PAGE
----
But the nursery got shut down by the authorities, she says. Many of the Romany community of Czarna Góra have found better prospects abroad. There’s a whole group of her family members in the UK, in Southend, on the Essex coast.

Mirga-Tas, through the vigorous clarity of her art, is a force for change

We drive a few miles to the village of Szaflary, where Mirga-Tas works. On the way, she reels off her plans. She has solo exhibitions in Seville and London this autumn, and a bewildering number of other commitments, including the project she is working on today: textile portraits for a local museum of the often overlooked female artists who worked in the nearby mountain town of Zacopane in the 20th century, when it was a magnet for Polish artists and musicians, including the composer Karol Szymanowski, all drawn to the glorious mountainous landscape.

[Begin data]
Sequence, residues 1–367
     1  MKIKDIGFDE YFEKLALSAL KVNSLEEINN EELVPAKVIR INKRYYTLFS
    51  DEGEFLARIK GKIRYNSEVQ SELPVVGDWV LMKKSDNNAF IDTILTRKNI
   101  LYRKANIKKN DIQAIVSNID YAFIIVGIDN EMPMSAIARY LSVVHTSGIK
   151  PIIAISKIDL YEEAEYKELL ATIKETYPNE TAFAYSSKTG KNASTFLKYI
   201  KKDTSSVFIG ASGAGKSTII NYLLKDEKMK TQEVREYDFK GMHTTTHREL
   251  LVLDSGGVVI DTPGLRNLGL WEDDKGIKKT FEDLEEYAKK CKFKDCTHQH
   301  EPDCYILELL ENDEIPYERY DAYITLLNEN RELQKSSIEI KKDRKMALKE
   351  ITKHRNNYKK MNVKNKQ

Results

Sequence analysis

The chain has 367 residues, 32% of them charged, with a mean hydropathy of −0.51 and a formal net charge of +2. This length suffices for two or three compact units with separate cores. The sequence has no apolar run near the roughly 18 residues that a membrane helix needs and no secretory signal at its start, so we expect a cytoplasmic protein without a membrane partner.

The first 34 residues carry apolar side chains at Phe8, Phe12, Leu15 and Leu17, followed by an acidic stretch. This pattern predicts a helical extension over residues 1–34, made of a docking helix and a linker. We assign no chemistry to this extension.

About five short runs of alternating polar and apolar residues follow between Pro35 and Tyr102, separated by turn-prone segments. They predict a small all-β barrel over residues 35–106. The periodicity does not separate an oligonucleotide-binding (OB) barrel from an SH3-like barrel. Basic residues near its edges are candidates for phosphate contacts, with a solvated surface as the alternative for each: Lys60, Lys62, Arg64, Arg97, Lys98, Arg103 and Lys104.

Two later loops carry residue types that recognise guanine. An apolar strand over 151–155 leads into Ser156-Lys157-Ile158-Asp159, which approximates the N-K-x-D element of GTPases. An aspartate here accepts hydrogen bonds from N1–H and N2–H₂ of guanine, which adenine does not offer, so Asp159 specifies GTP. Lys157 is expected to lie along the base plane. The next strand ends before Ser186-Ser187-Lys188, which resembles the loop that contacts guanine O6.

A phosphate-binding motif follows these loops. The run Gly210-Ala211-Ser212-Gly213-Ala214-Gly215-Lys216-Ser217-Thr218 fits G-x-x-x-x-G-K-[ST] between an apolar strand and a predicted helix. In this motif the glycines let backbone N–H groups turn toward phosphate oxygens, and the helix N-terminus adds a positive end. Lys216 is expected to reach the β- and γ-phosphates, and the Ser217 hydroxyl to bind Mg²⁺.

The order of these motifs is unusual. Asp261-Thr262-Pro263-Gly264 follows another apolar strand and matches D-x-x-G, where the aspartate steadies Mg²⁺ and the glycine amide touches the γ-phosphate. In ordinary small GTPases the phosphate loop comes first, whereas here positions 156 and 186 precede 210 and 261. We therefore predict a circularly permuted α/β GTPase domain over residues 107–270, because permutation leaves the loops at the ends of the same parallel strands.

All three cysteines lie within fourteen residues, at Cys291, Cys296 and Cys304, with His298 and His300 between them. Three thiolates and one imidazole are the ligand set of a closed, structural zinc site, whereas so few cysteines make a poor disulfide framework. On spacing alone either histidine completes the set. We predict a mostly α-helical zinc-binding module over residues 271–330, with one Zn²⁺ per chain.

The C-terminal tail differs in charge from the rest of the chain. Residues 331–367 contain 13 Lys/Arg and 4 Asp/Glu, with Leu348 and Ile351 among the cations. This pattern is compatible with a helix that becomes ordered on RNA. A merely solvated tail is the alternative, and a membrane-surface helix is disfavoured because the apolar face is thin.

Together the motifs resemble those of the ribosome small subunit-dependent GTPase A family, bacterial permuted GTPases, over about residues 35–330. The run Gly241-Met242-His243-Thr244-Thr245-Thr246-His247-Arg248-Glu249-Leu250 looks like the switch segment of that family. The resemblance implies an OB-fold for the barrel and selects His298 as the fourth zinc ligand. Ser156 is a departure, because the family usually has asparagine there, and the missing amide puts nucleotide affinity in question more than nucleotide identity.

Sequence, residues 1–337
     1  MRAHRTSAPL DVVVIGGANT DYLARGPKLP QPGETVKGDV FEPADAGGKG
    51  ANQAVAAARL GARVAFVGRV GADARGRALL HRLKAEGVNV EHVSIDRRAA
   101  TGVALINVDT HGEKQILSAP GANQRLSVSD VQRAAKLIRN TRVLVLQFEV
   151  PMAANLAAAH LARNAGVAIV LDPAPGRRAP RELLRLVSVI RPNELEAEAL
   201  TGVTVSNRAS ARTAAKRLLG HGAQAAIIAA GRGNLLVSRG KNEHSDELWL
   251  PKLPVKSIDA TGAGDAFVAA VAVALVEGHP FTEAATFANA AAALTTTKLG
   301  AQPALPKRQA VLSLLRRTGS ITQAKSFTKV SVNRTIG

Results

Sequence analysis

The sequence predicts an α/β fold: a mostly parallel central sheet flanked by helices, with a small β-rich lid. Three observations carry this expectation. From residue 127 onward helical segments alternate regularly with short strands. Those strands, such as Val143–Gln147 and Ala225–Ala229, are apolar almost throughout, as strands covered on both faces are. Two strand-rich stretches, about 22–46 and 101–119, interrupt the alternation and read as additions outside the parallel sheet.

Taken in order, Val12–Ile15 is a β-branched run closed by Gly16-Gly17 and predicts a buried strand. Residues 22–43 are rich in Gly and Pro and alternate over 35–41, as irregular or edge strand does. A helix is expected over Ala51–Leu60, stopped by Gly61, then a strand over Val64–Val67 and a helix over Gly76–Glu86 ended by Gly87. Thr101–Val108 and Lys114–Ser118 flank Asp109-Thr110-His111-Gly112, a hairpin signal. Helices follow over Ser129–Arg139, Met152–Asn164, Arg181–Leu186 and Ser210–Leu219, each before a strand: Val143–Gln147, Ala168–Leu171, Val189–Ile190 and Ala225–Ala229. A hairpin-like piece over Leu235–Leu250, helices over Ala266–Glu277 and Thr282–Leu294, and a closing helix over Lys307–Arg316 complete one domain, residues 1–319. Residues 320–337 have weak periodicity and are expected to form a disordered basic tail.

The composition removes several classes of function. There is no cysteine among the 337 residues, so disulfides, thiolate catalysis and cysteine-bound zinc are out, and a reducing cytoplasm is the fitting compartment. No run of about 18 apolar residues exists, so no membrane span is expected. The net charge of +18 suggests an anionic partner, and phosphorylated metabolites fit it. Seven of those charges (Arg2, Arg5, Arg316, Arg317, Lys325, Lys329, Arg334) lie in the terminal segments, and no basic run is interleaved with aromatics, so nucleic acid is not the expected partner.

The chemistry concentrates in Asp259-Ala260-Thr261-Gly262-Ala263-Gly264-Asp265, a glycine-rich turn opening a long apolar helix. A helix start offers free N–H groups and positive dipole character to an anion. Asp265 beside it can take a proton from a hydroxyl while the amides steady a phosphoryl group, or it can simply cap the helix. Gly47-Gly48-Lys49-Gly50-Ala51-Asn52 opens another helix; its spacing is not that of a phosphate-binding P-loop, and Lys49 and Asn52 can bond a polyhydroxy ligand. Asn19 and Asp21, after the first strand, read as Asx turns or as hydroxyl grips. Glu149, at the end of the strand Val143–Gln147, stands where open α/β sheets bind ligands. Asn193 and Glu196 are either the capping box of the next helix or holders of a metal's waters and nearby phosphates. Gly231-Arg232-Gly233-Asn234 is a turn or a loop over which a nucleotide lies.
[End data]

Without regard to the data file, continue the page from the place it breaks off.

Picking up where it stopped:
Her career is burgeoning. Mirga-Tas leapt into the consciousness of the international art world last year when her work was included in Europe’s two most important contemporary art events: Documenta, which takes place every five years in Kassel, Germany, and the Venice Biennale, for which she represented Poland. She covered its lofty pavilion’s walls, floor to ceiling, with 12 gloriously detailed, sensuous, tapestry-like works – not of woven cloth but rather collages created from stitched-together secondhand clothing and other textiles, depicting scenes of Romany life and portraits of people in her community.

Małgorzata Mirga-Tas and one of her recent works in her studio.‘The “expert” voice on the Roma is seen as more important than the Roma voice itself’ … Małgorzata Mirga-Tas and one of her recent works in her studio. Photograph: Róbert Németi/The Guardian